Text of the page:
Review: HTC Titan Windows Phone with Mango
The Windows Phone Marketplace has almost 40,000 applications. That may not be the half million of the iPhone App Store or the 300,000 of the Android Market, but you'll find that many of the basics are available.
The Marketplace uses the same Hub layout. The Apps are added to the main menu once downloaded and installed. Games are added to the XBox 360 Hub. The Marketplace shows screenshots, user reviews (including text and stars), related apps, and how much the app costs to download.
Because the Titan is made by HTC, it has access to the HTC Hub. The HTC Hub is sort of like a mini Marketplace for the Titan. There are a number of apps in there that were developed by HTC that work with the Titan (such as a Sound Enhancer, Photo Enhancer, Stocks, etc.).
The Titan supports mono and stereo Bluetooth headsets. I was able to pair with both types, as well as my car, with no problems. Sound quality of phone calls through my car was outstanding. Stereo Bluetooth headphones did admirably when streaming music from the Titan wirelessly, though I found it sounded a bit thin.
It's easy to read the time from the Titan's lock screen. Press the lock key, and the screen pops to life with a nice digital clock. The time also appears sporadically in the status indicator bar at the top of the screen. The HTC Hub offers a typical HTC-like clock and weather widget. However, it can only be seen when in the HTC Hub and not set as the lock screen or the home screen.
The Local Scout app is a bit like Google's Places, but for Windows Phone. Rather than opening the Bing search app, you can open Local Scout to seek out the businesses and points of interest that are closest to your location. I found it pretty easy to use, and it provided reliable results — if the GPS system was able to find the phone. The Titan did not like to be found, and it often was unable to connect with location-based services.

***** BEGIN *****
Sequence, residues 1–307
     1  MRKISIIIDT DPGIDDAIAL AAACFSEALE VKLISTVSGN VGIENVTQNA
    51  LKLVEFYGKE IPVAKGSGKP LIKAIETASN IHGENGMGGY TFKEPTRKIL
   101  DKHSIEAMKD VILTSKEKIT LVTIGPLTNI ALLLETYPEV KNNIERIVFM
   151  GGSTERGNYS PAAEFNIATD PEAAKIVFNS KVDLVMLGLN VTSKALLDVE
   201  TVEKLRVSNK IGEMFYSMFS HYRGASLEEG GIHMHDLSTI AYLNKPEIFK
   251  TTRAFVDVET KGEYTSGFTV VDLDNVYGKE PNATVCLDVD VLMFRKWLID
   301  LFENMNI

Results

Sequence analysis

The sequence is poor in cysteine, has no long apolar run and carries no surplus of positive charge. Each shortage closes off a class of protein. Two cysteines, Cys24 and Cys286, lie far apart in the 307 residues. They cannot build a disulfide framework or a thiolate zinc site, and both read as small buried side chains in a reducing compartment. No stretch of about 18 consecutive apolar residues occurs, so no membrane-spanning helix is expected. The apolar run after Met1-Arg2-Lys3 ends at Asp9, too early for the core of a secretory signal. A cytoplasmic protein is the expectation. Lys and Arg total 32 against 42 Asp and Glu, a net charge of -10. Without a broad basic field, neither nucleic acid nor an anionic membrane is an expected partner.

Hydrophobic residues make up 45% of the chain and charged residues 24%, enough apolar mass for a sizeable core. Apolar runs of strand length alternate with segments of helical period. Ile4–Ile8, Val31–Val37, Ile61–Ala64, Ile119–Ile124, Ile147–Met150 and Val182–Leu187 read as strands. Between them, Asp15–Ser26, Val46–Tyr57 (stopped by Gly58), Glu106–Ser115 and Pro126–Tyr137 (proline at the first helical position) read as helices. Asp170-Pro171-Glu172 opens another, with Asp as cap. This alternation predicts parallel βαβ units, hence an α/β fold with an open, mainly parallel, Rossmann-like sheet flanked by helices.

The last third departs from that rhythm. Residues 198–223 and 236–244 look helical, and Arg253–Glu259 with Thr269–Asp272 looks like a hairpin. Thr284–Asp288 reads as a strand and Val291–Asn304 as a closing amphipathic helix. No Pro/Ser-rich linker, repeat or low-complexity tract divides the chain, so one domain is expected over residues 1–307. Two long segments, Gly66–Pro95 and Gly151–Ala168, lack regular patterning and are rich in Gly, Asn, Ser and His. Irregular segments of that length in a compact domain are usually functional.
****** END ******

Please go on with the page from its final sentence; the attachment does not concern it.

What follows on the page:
The Titan uses Microsoft's Bing Maps. It is OK, though I prefer Google Maps (at least visually). The feature set is the same as most other free mapping services, and it offers a rich user interface. The one problem was the Titan's GPS radio. The Titan has a hard time connecting to GPS satellites, and that had a profound effect on its ability to serve as a navigation tool. We've contacted HTC regarding this issue are are awaiting a reply.
The Titan includes a new Note-taking application called Notes, which was developed by HTC. The notes are dynamic and rich, and are fun to interact with. They appear as "stickies" on a cork board. Neat! Any Notes created on the device automatically sync up with your Microsoft account, which is helpful.
Of course, the Titan syncs amazingly well with Microsoft-based work and productivity tools. The versions of MS Word, Excel and PowerPoint that are in the Office Hub sync perfectly back and forth with the desktop versions. Users can save files to their personal SkyDrive for access later or from PCs. The Office Hub also lets people share documents and files if using the Titan on a corporate network.